Murderland: Pies 21-25

2009 Aug 27

21. Danny Ozbot – If a Raven Calls Your Name

Premise: Players play townsfolk in a fairy tale village, describe their daily activities, and secretly picking a number of tokens from a pile. Then the raven player names one character and challenges them, rolling a die and potentially a) being rebuffed, b) taking the tokens, or c) killing the character, depending on the value of the die roll and number of tokens. Players can team up before the roll, however, pooling their tokens. The raven wins when they have most of the tokens. The players win if they rebuff the raven three times.

Thoughts: While the overall concept is neat, this game is mechanically problematic. This is what I would do to win this game: always pick 3 trinkets, always team up with the other players, and thus only lose to the raven on roll of 6. I don’t mind the lightness of the tactics involved here, so long as there are multiple interesting choices to make or, alternately, if what seem like tactical choices don’t ultimately matter. But here, they have a direct effect on whether you win or lose and there are clearly some strategies (actually, one strategy) that is unquestionably superior. I’m afraid that’s likely to scuttle whatever else is going on here, which is too bad.

Conclusion: Warm.

22. Jason Dettman – Murderland

Premise:A police procedural in which one player is the murderer and the other players are investigators. Coins are flipped and spent to add descriptive details and bits of evidence.

Thoughts: Reading through the rules, I honestly wasn’t that excited, but the example of play showed very clearly that play could be super-fast and fairly gripping. I definitely want to try it out now. Still, I think this game would really sing if the “murderer” player just represented the evidence / lay thereof and no one at the table could actually say for sure who the murderer was. The investigators would ultimately decide who they will charge with the crime and either convict someone or not, but the “truth” of the crime would never be revealed. That would be fascinating, I imagine, and very much like what actual police work is like, where you try not to think about your doubts after you’ve convicted someone, because you have to move on to the next case.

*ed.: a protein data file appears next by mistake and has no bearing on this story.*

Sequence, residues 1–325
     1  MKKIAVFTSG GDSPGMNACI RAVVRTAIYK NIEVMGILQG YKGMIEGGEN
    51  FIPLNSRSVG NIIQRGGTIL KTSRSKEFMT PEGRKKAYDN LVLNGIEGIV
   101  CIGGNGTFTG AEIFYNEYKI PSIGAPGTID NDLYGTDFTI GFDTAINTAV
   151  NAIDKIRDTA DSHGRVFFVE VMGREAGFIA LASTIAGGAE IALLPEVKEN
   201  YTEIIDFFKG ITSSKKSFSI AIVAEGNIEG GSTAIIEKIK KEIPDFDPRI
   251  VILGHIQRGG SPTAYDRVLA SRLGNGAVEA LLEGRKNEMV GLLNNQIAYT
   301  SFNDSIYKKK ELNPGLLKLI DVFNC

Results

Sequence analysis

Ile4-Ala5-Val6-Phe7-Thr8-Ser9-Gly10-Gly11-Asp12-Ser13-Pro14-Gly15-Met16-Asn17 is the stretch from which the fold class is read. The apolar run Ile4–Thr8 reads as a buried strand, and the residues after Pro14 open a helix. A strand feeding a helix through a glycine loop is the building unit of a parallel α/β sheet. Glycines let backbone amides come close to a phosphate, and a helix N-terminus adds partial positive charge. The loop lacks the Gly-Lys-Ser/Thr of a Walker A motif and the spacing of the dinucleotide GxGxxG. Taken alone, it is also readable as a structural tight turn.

Conclusion: Baked.

23. Ben Wray – Murderland: Quest for the Sphinx of Quartz

Premise: Something like a deconstruction of a standard fantasy adventure game. The characters, with traits that don’t matter, adventure through the Murderlands fighting monsters and gaining Glory (which doesn’t matter), and make a random roll at the end to see who survives the trail of murderous crows that follows their bloody wake.

Thoughts: Pretty clever as a little social experiment, to see how far the trappings of a standard RPG will carry you. Answer: right to your destruction. Everything that happens in the game is essentially random and inconsequential, but it doesn’t necessarily appear that way until you get to the end. The only thing not covered in the rules is… what happens if there are only two characters left and they both are eliminated? I assume that it’s a Total Party Kill, but Ben doesn’t say. Honestly, as a game, this is pretty terrible, but as an activity, something to mess around with and hopefully have an interesting reaction to… I really like it. But the majority of the players can’t read the game beforehand, I don’t think, unless they are all willing to embrace the deconstructed randomness. Even then, I don’t think it would have the full impact unless one or two players were innocent in the whole affair and felt really cheated or baffled at the end.

Conclusion: Baked, but you would probably only play it once.

24. Dave Cleaver – Three Ravens